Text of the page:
In general, an input file is a file that summarizes all data necessary for that process.
Temporary file B is created to output news on the user's terminal in the final result-output process.
So, think from the standpoint of whether all items necessary to create this output are available.
This is not unique to this particular question. In any question where you are to fill in a blank in a
file format, pay attention to the output contents (file or printed report) using that file and look for
missing items.
There are two things you must be careful about at this point. One is the case where there is

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another separate step between the step in which the output contents referred to are prepared and
the step being considered. In such a case, the process of that separate step between the two must
also be considered. The other thing is whether or not the value of that item can be found in the
step where the file subject to consideration is being created.
Between the news extraction process where temporary file B is created and the result-output
process where the output contents are prepared, there is a news-sorting process. But since this
step involves only sorting, the file items and values are not changed. Hence, you need not worry
about the news-sorting process, so compare the output contents of (4) with the record format of
temporary file B. Then it should be obvious that the record format is lacking "category". There is
nothing else that gives any clues. So after a few worrisome moments, you remember the
description of (5) in [Process Description]. Because information exchange between processes is
limited to the files, you begin to think, "Isn't there any other information necessary to create the
output contents?" The output contents have different formats depending on the type of terminal,
so you need the terminal type. Now, we have two candidates for the answer: "category" and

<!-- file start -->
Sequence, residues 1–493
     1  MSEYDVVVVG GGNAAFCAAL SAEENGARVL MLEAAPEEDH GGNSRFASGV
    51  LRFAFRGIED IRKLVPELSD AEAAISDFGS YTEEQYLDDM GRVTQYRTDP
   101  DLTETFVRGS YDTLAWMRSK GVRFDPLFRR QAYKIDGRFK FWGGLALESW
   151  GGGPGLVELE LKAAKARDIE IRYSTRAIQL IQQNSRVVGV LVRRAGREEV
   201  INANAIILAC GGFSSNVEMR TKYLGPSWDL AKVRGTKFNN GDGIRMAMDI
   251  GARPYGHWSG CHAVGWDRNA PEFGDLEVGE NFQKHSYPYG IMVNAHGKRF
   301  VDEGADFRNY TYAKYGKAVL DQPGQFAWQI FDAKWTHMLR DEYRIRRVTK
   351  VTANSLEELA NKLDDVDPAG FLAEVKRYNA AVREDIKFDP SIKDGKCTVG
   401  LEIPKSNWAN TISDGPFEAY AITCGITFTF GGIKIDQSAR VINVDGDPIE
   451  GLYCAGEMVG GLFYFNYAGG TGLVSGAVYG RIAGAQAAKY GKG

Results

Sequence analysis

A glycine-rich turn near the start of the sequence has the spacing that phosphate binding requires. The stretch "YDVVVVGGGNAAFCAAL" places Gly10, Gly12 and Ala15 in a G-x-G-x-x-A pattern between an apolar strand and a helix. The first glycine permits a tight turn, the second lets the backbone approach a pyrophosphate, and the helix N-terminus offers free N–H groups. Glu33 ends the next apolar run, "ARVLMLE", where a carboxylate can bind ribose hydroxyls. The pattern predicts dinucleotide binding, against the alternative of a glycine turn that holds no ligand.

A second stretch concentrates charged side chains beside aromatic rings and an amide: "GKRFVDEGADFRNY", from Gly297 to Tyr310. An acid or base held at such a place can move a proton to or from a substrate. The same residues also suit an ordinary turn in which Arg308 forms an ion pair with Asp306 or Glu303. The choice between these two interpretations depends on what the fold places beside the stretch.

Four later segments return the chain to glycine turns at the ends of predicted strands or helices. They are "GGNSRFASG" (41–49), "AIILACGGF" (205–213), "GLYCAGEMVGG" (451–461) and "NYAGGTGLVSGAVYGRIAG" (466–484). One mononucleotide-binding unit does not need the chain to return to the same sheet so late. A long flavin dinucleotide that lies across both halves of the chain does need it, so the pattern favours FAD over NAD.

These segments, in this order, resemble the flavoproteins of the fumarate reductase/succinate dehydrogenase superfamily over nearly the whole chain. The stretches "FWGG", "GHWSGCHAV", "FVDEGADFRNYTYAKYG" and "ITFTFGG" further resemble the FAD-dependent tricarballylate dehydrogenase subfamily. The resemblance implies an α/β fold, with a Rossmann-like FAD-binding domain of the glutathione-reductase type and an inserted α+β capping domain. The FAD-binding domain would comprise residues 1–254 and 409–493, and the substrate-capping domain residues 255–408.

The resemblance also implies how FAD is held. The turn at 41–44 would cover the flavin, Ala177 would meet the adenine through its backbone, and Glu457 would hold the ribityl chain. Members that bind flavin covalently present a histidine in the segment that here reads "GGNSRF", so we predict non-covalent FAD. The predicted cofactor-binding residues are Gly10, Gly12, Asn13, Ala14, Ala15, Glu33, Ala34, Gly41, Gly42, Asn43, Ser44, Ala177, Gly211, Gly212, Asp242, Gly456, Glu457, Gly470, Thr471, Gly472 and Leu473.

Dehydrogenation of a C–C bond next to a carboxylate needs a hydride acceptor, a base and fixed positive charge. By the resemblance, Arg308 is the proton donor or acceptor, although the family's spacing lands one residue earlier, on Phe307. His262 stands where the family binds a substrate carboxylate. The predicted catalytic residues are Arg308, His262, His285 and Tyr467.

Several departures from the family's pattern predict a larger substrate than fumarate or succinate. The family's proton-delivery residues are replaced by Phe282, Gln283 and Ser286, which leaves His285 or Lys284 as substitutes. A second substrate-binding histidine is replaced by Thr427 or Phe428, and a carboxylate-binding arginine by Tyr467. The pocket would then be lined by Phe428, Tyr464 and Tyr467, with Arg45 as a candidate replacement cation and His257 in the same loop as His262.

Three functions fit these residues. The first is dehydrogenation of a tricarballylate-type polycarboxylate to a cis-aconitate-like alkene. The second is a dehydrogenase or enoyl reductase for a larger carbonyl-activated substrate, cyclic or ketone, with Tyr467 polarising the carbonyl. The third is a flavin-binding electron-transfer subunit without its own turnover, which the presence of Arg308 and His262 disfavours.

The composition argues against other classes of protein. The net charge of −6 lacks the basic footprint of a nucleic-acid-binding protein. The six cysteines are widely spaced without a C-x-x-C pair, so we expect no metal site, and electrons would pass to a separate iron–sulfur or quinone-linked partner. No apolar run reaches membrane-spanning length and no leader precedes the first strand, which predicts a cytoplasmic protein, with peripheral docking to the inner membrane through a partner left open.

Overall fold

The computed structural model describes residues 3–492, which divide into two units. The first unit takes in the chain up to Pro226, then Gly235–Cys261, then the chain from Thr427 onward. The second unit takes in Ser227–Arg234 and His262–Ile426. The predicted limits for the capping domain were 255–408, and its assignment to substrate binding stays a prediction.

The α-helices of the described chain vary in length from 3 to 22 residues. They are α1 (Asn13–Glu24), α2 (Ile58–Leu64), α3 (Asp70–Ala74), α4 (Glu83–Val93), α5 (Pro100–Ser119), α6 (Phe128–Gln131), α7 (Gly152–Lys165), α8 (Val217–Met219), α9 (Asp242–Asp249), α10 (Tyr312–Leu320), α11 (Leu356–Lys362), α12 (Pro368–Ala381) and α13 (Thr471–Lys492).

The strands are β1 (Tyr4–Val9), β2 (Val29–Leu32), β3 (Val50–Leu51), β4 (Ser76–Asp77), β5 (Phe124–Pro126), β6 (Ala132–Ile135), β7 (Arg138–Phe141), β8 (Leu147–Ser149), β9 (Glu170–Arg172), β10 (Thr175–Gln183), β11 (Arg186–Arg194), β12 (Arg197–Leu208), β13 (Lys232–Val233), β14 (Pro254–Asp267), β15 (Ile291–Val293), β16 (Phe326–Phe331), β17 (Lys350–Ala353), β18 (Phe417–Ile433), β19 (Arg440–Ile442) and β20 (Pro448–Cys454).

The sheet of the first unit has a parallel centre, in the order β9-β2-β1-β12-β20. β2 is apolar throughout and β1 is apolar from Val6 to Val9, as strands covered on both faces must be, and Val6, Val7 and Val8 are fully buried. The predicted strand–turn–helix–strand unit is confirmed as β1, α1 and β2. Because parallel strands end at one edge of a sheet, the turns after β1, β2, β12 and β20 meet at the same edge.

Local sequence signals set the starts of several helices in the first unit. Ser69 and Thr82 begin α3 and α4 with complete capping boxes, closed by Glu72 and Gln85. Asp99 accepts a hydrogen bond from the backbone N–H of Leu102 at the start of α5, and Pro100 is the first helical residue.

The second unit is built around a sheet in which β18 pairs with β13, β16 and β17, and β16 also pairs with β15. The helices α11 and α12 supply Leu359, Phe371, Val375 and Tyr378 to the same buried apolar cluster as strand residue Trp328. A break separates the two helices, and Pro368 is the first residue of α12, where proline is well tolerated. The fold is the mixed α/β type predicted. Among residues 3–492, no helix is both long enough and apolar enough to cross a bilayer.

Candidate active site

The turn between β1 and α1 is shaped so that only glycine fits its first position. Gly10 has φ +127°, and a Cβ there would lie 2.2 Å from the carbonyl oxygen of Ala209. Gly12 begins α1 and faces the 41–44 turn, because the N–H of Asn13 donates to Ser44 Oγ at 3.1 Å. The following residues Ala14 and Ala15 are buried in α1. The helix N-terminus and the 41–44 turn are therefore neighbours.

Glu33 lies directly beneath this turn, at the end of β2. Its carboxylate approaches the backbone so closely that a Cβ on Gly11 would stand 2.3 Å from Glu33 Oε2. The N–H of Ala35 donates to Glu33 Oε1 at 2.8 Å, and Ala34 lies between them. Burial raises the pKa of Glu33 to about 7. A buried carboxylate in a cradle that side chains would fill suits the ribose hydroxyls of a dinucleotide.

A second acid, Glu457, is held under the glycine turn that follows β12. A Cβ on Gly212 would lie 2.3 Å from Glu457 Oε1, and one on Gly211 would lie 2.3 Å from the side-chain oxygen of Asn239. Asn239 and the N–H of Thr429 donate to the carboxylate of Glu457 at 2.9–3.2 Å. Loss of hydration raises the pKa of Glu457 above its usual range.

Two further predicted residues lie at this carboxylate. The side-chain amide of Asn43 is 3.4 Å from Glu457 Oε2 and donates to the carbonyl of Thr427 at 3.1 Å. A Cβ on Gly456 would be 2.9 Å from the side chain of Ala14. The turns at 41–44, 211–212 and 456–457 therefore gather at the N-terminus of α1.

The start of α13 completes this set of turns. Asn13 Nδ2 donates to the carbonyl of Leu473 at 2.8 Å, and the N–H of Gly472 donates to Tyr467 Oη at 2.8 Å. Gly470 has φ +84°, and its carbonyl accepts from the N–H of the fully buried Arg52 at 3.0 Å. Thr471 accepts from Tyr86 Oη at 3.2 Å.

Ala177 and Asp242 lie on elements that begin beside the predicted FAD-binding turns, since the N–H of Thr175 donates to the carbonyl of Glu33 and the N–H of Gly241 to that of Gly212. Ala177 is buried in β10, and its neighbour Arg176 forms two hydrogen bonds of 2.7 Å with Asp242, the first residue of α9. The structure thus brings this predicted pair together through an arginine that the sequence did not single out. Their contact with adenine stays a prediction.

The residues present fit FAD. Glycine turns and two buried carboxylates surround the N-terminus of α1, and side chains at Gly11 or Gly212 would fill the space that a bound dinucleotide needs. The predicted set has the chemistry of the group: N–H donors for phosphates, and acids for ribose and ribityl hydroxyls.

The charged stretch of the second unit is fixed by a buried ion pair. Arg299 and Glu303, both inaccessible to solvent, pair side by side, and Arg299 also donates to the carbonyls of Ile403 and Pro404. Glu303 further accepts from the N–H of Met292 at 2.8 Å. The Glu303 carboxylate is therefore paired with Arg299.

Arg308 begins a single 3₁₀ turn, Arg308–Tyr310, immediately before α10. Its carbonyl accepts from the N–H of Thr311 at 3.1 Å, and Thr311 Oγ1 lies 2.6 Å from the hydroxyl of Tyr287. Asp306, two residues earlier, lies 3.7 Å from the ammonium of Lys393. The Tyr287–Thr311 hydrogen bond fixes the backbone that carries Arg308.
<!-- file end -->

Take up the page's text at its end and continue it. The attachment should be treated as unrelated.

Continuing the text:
"terminal type". If you can find out whether these contents can be prepared in the news extraction
process, then you can find the correct answer. Both of these items are contained in temporary file
A, which is the input file, so both are fine. Therefore, the correct answers are (f) "category" for
blank C and (a) "terminal type" for blank D. Of course, the order in which they are written is
irrelevant, but the order listed here is appropriate, in consideration of temporary file A and the
composition of the output contents. There is no necessity to switch the order.

[Subquestion 3]
This question involves sort keys for the news sorting process. Questions regarding the designs of
file-processing programs almost always ask about sort keys, so you need to understand how to
answer these questions.
Needless to say, when considering sorting keys, you must understand the purpose of the
sorting. Normally there are four purposes for sorting, so know these and use them for reference
when you consider possible purposes for sorting.

Four Purposes for Sorting


(i) File matching: to match between sequentially organized files, each file must
be sorted in the same order with respect to the matching key. Sorting is done to
prepare for this process.
(ii) Totaling: when totals for a particular group, such as for one customer number
or for one date, are to be calculated, the data in the same group need to be
together. Sorting is done by the key item(s) for particular grouping.
(iii) Ranking: to rank multiple data, the data must be ordered from the first place